Rand Paul was Vague, Radical, and Liberal

Rand Paul was Vague, Radical, and Liberal



There is absolutely zero doubt that Rand Paul will be seeking the 2016 Republican nomination for president. The junior Senator from Kentucky began his campaign the day he took the oath of office in the Senate. There are questions about his policies and if he fits the definition of ‘Republican.’ In speeches Rand Paul is often vague and radical, and most recently liberal.

Senator Paul spoke before the Center for the National Interest’s on Thursday evening. Much of it was a speech I have heard before, and little of it contained exactly what actions he would take concerning foreign policy. It contained more hyperbole than substance.

However, what was more interesting is that the ideals he spoke of were slanted farther towards liberal viewpoints. He said that he believes our nation should not rush to war, and never fight any war which is unwinnable, or which might end in a draw. Although Mr. Paul rejects military action as the ‘cure all,’ he believes that our nation must be ready to go into battle if absolutely necessary.

He even used the question Nobel Prize winner Malala posed to President Obama. She asked him why he was using drone attacks against terrorists when each attack only encouraged 500 to 5,000 Muslims to join terrorist groups.

The word he used most frequently was dignity. He noted that dictators in the Middle East and around the world deny their own people respect, but that removing them has created occupation by jihadists and chaos in the region. He expressed the belief that by constantly using military action those same people are convinced that the United States denies their dignity as well.Rand

Doug Stafford is Rand Paul’s senior advisor. He has amassed a corps of foreign policy advisors who have worked for notable Republicans such as Condoleezza Rice, John McCain, and Mitch McConnell.

Stafford admitted that Thursday evening’s speech would not be about specifics, but would be an overall view of Mr. Rand’s position.

When Mr. Rand was asked what situation would force America to go to war, he again answered more like a progressive than a conservative. He said that if America itself or its interests in the world were attacked, and all other channels had been used to avoid a military conflict, our nation must defend itself and its allies.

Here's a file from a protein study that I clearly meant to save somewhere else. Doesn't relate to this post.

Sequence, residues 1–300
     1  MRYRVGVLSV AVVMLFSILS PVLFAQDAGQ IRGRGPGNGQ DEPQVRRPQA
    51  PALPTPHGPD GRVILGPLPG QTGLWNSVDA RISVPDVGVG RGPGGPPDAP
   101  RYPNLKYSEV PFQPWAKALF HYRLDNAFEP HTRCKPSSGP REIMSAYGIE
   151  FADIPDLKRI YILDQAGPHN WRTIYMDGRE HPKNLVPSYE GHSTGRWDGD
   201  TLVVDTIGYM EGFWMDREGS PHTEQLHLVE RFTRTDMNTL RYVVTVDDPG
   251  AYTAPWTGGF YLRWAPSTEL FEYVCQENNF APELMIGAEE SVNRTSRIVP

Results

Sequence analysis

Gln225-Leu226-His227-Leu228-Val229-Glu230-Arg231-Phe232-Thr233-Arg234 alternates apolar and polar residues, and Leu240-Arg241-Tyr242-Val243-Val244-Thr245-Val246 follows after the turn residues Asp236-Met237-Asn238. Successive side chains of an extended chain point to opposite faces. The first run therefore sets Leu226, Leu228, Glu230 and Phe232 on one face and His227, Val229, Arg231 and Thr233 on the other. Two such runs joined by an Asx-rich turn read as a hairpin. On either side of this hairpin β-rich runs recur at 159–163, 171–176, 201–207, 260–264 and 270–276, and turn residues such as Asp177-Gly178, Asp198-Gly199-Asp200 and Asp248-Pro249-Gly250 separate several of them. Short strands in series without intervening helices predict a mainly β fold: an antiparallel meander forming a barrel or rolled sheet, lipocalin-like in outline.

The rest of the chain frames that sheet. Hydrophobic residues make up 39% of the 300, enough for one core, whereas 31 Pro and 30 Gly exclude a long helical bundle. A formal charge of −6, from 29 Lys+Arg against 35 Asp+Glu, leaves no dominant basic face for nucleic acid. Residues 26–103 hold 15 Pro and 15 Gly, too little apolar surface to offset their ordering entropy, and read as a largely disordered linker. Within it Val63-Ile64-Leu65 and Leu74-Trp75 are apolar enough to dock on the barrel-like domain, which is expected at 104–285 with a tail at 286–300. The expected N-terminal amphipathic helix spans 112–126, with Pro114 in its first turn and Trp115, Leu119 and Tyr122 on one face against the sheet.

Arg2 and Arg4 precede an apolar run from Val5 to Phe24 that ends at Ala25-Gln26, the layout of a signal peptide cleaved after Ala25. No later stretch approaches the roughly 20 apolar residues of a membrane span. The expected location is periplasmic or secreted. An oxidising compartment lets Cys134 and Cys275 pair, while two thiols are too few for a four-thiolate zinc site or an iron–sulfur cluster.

A continual war of words has occupied much of the conflict within the Republican Party itself. Senators Rand Paul and John McCain frequently attack each other verbally. They disagree on nearly everything, but especially regarding the use of physical force. McCain believes we should have had ‘boots on the ground’ in Syria months ago. Paul is opposed to arming the rebels on the ground or any other type of actual military intervention.

However, he did vote to allow the bombing of Syria, Iraq, and the ISIS terror group. Both Democrats and Republicans are often confused about where Mr. Rand stands. The one issue which has become more obvious in recent months is that he opposes the position of much of his own party. Will the expression of individual ideology hinder his chances for the Republican nomination? It may strengthen it. The Republican presidential hopefuls are considered a weak group at best. They will most likely include Rick Perry, and possibly Mitt Romney. As Paul is distancing himself from this tired and unimaginative group, he may be cementing his position with Republican voters who are displeased with the status quo.

By James Turnage


The Daily Beast

The National Interest